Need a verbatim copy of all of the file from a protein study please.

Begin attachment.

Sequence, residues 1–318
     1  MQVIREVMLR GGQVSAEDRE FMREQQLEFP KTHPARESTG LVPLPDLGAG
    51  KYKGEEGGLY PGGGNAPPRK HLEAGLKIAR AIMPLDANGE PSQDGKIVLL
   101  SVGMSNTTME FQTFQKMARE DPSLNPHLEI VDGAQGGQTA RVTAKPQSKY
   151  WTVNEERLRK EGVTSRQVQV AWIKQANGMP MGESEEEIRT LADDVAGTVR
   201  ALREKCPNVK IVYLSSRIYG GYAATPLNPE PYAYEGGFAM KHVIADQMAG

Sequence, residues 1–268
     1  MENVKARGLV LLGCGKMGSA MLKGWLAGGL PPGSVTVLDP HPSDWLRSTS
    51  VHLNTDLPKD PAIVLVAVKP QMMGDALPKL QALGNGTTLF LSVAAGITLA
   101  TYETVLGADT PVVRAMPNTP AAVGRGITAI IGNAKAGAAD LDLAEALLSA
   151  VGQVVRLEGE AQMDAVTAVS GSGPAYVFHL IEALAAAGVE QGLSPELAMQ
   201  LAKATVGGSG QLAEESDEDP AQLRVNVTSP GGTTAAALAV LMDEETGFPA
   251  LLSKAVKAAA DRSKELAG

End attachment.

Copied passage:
Sequence, residues 1–318
     1  MQVIREVMLR GGQVSAEDRE FMREQQLEFP KTHPARESTG LVPLPDLGAG
    51  KYKGEEGGLY PGGGNAPPRK HLEAGLKIAR AIMPLDANGE PSQDGKIVLL
   101  SVGMSNTTME FQTFQKMARE DPSLNPHLEI VDGAQGGQTA RVTAKPQSKY
   151  WTVNEERLRK EGVTSRQVQV AWIKQANGMP MGESEEEIRT LADDVAGTVR
   201  ALREKCPNVK IVYLSSRIYG GYAATPLNPE PYAYEGGFAM KHVIADQMAG

Sequence, residues 1–268
     1  MENVKARGLV LLGCGKMGSA MLKGWLAGGL PPGSVTVLDP HPSDWLRSTS
    51  VHLNTDLPKD PAIVLVAVKP QMMGDALPKL QALGNGTTLF LSVAAGITLA
   101  TYETVLGADT PVVRAMPNTP AAVGRGITAI IGNAKAGAAD LDLAEALLSA
   151  VGQVVRLEGE AQMDAVTAVS GSGPAYVFHL IEALAAAGVE QGLSPELAMQ
   201  LAKATVGGSG QLAEESDEDP AQLRVNVTSP GGTTAAALAV LMDEETGFPA
   251  LLSKAVKAAA DRSKELAG